How Decompression Surgery Improves the Lower Back Pain in Patient with Lumbar Degenerative Stenosis

A Propensity-Score-Matched Analysis

Mitsuru Yagi, MD, PhD; Satoshi Suzuki, MD, PhD; Satoshi Nori, MD, PhD; Yohei Takahashi, MD, PhD; Osahiko Tsuji, MD, PhD; Narihito Nagoshi, MD, PhD; Masaya Nakamura, MD, PhD; Morio Matsumoto, MD, PhD; Kota Watanabe, MD, PhD


Spine. 2022;47(7):557-564. 

In This Article

Abstract and Introduction


Study Design: Multicenter retrospective case series of patients treated surgically for lumbar spinal stenosis (LSS)

Objective: We investigated how laminectomy improves lower back pain (LBP) and the factors associated with poor improvement.

Summary of Background Data: Lumbar laminectomy is effective for alleviating neurological symptoms caused by LSS, whereas its effect on LBP is still controversial.

Methods: A retrospective review of prospectively collected data from 436 patients (age 72 yrs, 69% males) who underwent laminectomy for LSS with 2 years of follow-up. We analyzed the following risk factors for residual LBP by uni- and multivariate analyses: age, sex, smoking, occupation, comorbidities, frailty, joint replacement, vertebral fracture, DISH, HRQOL, complications, and the presence of spinal instability. The LBP of male and female patients was analyzed after propensity score matching of known confounders. Patient-reported outcomes (JOABPEQ and VAS scores) were obtained at baseline and the 2-year postoperative follow-up.

Results: LBP was significantly improved at 2 years post operation (VAS change 2.3 [95% CI 2.0–2.6], P < 0.01). Fifty-five percent of the patients achieved an MCID, with 67% having no or mild LBP. In the multivariate analysis, sex and baseline LBP were independent risk factors (female: OR 1.9 [1.2–3.0], baseline LBP [VAS≥7.5]: OR 1.9 [1.2–3.1]). Furthermore, the independent risk factors for severe baseline LBP were sex and mental status (female: OR 1.7 [1.1–2.7], P = 0.03, mental status: OR 3.8 [2.4–6.0], P < 0.01). However, an analysis of 102 pairs of propensity-score-matched male and female patients showed no difference in the improvement of LBP (male vs. female: VAS 3.8 ± 2.8 vs. 4.0 ± 2.9, P = 0.61, VAS change 3.1 ± 2.9 vs. 2.7 ± 3.0, P = 0.38).

Conclusion: Decompression surgery for LSS significantly improved LBP. Sex and baseline LBP were risk factors for residual LBP. However, when males and females were matched by confounders, no difference was found in the LBP after surgery. Patients with severe baseline LBP may need further evaluation for their mental status because these patients are likely to have mental problems that potentially contribute to persistent LBP.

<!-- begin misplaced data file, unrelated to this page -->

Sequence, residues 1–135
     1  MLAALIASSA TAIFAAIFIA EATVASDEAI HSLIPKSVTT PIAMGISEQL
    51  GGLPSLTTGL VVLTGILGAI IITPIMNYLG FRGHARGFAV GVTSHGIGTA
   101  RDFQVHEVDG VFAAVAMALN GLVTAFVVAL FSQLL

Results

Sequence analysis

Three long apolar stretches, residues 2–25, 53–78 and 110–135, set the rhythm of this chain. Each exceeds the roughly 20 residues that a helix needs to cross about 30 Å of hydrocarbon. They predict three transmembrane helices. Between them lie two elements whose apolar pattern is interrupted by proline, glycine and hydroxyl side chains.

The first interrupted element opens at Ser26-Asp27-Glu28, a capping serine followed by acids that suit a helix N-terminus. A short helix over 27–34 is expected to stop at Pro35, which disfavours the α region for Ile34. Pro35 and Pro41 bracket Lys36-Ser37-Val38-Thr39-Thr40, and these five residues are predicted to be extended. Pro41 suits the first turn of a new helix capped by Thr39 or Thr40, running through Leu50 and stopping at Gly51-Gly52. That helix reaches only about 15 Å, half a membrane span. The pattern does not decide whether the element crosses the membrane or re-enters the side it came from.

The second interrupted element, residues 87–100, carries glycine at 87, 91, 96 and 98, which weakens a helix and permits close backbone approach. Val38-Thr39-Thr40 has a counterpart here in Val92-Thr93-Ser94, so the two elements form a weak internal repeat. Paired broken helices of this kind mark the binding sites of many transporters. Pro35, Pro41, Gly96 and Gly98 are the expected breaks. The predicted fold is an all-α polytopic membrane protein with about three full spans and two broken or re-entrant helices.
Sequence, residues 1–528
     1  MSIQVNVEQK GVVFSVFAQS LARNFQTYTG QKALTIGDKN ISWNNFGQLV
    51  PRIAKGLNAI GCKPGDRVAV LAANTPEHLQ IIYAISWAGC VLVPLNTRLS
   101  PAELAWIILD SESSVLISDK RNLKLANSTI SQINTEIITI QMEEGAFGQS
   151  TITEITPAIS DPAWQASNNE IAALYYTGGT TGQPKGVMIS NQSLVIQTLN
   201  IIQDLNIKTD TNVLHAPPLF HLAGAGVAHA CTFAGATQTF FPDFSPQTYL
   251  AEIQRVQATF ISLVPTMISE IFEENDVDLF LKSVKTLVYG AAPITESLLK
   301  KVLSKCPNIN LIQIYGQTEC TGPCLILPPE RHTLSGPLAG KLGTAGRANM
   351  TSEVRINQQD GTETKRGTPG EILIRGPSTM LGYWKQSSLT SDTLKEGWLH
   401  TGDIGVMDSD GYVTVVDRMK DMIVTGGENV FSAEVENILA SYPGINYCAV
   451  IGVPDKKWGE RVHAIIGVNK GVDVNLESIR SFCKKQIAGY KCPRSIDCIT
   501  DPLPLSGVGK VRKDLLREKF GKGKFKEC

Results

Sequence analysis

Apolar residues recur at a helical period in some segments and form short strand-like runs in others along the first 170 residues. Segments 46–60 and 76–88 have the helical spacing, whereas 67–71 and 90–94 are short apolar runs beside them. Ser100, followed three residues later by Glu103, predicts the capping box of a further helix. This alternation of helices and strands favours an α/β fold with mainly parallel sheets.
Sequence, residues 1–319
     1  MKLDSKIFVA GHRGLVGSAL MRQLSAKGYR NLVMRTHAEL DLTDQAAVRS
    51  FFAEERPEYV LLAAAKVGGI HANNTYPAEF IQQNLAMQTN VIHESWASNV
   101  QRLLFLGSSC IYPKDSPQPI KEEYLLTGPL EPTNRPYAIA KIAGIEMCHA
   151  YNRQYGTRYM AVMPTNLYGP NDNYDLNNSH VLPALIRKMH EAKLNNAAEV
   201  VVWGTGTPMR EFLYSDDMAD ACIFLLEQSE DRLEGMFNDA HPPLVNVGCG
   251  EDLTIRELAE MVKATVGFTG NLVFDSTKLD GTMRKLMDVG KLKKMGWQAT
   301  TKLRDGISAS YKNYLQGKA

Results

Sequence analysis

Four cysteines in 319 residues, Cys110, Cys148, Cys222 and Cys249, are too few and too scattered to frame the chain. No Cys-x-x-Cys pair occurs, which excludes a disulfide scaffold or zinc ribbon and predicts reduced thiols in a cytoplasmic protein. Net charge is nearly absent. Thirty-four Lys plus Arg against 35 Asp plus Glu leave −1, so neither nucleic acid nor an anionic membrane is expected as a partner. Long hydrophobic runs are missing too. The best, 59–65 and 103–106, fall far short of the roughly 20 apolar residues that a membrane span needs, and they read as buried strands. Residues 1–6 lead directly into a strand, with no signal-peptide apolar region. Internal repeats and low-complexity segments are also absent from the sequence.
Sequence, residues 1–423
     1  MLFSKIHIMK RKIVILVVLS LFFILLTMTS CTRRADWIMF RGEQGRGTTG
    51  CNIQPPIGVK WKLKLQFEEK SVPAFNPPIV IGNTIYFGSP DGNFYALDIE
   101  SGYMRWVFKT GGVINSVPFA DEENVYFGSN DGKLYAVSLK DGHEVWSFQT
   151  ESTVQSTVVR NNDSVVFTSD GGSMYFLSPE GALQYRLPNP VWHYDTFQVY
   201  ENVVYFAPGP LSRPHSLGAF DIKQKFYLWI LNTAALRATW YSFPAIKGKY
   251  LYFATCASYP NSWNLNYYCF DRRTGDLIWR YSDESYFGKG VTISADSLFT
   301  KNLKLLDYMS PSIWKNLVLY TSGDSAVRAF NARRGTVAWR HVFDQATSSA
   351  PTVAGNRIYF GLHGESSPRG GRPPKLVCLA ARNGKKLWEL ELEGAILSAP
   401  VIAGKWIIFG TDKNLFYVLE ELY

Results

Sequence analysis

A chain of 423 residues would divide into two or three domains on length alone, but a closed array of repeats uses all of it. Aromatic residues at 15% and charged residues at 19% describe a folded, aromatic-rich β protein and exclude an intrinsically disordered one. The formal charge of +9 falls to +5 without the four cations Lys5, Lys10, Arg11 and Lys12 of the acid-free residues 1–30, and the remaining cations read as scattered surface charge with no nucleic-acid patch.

Level of Evidence: 4


Lumbar spinal stenosis (LSS) is a common degenerative disease that often benefits from surgical treatment when there is persistent neurogenic claudication.[1–8] It is widely accepted that lumbar laminectomy is effective for the treatment of neurological symptoms caused by LSS.[1–6] Several recent randomized controlled trials have shown that surgical treatment is more effective than conservative treatment for LSS in certain patients. Nevertheless, the degree to which laminectomy improves lower back pain (LBP) is still controversial.

LBP is a common nonspecific symptom in middle-aged to elderly adults with various spinal disorders, including LSS, lumbar disc herniation, spinal metastasis, spondylitis, etc.[2,4] Iizuka et al. reported that the prevalence of chronic low back pain was 25% in the general Japanese population, and among subjects with chronic low back pain, 62% had nonspecific low back pain.[9] Kalichman et al.[10] analyzed the prevalence of LSS in their community-based study and described that the prevalence of acquired stenosis increased with age and that LSS was associated with a 3-fold increased risk of experiencing LBP. LBP can even occur as part of the pathology of systemic diseases, such as collagen diseases, fatigue and mental diseases and conditions, such as depression and psychological distress.[9–15]

The reported prevalence of substantial LBP before surgery ranges from 10% to 30% in patients with lumbar degenerative diseases.[11,12] Although several factors, including age, occupation, symptom duration, mental status, smoking history, spinal instability, and sex, have been reported as risk factors for postoperative persistent LBP, not all LSS patients with substantial baseline LBP have residual postoperative LBP.[16–19] Moreover, the existing literature has mainly focused on the recovery of neurological symptoms after decompression surgery, but when preoperative LBP improved and risk factors for persistent LBP are not well understood. Herein, we sought to elucidate the effect of lumbar laminectomy on the improvement of LBP and the factors associated with persistent LBP in decompression surgery for LSS.